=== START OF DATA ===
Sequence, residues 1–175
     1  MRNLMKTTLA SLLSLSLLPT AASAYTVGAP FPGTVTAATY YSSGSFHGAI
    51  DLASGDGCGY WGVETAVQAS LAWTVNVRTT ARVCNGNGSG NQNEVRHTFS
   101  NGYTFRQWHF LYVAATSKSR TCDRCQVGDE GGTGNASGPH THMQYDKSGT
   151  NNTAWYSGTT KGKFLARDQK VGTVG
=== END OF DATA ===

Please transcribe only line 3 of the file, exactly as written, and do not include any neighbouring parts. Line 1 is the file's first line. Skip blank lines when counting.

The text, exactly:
    51  DLASGDGCGY WGVETAVQAS LAWTVNVRTT ARVCNGNGSG NQNEVRHTFS